Using different growth references to measure thinness and overweight among Swedish primary school children showed considerable variations
2016 (English)In: Acta Paediatrica, ISSN 0803-5253, E-ISSN 1651-2227, Vol. 105, no 10, 1158-1165 p.Article in journal (Refereed) Published
Aim: The study compared how four different growth references determined the prevalence of thinness and overweight, based on height and weight measurements from a nationally representative sample of Swedish children from seven to nine years of age.
Methods: The height and weight measurements of 4,518 Swedish schoolchildren aged seven to nine years were carried out in 2008 using a standardised protocol. The prevalence of different degrees of thinness and overweight were calculated using international growth references from the World Health Organization, the International Obesity Task Force and two Swedish growth references from Werner and Karlberg.
Results: Depending on which growth reference we used, the prevalence of different degrees of thinness varied from 7.5%-16.9% for the boys and 6.9%-13.7% for the girls, while for the prevalence of overweight, including obesity and severe obesity, varied from 16.5%-25.7% for the boys and 18.2-25.2% for the girls. There were also significant gender differences depending on the growth reference we used.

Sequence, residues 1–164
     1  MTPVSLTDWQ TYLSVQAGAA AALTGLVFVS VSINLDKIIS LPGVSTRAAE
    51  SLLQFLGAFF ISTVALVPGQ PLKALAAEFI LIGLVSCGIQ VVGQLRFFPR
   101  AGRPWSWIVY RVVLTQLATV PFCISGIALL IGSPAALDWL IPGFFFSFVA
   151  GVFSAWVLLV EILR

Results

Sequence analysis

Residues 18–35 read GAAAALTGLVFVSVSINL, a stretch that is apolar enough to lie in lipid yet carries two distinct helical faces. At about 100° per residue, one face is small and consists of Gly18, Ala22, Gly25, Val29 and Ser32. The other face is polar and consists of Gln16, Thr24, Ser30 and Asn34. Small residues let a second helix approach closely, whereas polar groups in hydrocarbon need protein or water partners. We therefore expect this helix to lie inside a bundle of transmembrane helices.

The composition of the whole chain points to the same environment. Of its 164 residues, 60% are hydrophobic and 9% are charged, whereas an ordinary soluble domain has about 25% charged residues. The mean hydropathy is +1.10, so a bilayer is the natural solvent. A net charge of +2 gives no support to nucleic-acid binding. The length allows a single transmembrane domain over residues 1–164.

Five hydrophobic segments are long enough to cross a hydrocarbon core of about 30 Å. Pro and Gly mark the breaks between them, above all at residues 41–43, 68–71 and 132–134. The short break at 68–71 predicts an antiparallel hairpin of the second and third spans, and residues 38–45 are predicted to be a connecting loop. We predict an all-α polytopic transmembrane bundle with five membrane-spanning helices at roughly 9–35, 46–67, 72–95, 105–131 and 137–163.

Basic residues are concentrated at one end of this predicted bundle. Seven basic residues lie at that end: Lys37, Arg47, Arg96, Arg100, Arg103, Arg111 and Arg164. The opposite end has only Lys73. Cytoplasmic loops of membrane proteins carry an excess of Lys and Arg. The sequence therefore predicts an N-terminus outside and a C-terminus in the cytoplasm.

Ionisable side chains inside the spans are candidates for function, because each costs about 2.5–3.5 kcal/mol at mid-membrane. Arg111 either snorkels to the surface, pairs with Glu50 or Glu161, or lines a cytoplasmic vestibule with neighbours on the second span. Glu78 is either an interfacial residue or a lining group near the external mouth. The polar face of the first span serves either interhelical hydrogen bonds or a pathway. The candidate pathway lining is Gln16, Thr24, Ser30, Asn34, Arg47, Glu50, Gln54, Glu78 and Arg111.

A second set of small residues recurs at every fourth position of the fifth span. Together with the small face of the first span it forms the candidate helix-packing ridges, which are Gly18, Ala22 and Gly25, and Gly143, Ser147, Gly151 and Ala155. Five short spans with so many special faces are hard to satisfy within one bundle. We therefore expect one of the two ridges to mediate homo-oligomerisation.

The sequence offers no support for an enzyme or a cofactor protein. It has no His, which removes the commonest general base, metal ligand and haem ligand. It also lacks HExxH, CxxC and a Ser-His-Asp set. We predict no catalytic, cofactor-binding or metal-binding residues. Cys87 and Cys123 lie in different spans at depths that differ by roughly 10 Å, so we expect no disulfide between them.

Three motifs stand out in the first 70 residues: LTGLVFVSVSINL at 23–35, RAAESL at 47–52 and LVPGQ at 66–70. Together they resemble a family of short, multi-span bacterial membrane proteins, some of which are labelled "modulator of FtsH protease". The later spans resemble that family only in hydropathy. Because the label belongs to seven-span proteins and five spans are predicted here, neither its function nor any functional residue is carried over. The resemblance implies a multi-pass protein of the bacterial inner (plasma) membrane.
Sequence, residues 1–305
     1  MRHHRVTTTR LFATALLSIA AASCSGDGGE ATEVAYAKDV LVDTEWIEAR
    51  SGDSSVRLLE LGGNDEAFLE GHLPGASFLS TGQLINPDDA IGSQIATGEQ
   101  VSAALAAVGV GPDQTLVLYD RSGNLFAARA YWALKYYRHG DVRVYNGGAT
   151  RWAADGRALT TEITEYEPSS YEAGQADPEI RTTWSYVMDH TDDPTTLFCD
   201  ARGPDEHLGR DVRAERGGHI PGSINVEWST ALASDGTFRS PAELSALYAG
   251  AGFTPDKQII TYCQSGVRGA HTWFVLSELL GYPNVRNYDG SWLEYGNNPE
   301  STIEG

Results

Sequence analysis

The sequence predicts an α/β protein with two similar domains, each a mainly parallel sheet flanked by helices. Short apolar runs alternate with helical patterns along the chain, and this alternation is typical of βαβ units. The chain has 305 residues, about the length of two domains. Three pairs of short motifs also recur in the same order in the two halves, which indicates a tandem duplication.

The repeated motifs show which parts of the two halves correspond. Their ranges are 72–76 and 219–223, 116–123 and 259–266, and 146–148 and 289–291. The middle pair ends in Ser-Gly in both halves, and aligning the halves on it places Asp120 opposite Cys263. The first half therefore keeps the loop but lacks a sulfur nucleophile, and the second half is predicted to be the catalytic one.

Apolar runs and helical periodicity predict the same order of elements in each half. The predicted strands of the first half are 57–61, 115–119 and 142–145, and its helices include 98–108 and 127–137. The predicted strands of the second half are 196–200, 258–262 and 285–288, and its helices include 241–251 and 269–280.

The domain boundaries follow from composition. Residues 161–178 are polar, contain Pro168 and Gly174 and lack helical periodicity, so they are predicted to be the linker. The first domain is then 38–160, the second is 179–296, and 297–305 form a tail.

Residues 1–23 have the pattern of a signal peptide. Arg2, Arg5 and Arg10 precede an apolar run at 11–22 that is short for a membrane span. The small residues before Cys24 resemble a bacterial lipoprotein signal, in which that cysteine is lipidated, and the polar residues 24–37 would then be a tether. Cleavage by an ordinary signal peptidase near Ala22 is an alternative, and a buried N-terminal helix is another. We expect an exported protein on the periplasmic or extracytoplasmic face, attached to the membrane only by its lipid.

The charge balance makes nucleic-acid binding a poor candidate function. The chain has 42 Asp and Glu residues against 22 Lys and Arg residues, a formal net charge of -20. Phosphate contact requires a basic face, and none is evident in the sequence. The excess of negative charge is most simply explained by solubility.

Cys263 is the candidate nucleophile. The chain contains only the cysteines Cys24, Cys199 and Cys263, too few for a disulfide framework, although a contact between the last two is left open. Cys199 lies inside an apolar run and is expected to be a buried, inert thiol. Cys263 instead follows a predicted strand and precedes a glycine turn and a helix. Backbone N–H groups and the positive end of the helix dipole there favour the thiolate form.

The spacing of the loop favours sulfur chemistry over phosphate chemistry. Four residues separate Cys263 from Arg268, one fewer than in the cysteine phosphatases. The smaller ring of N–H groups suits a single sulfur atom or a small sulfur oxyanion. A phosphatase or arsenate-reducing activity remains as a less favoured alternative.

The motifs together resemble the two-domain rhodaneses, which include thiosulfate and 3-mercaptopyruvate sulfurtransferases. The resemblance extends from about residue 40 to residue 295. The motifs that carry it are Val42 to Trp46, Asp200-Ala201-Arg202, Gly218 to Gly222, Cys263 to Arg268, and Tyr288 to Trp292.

Conclusion: Using four different growth references, two international and two Swedish, produced wide variations in the prevalence of thinness and overweight, together with significant gender differences. In the absence of a global definition, we need both national and international growth references.
Place, publisher, year, edition, pages
West Sussex, United Kingdom: Wiley-Blackwell Publishing Inc. , 2016. Vol. 105, no 10, 1158-1165 p.
Body mass index cut-off levels, childhood, crowth surveillance, obesity, underweight
Medical and Health Sciences Nutrition and Dietetics
Research subject Culinary Arts and Meal Science; Nutrition
IdentifiersURN: urn:nbn:se:uu:diva-304926DOI: 10.1111/apa.13400PubMedID: 26991338ScopusID: 2-s2.0-84987846807OAI: oai:DiVA.org:uu-304926DiVA: diva2:1034338
FunderForte, Swedish Research Council for Health, Working Life and Welfare, 2006-1624, 2006-1506]Swedish Research Council, 7509, 2006-7777]
Örebro University, Sweden
Oslo and Akershus University College, Norway
The Swedish University Hospital (ALF)
Region Västra Götaland2016-04-282016-10-112016-10-14Bibliographically approved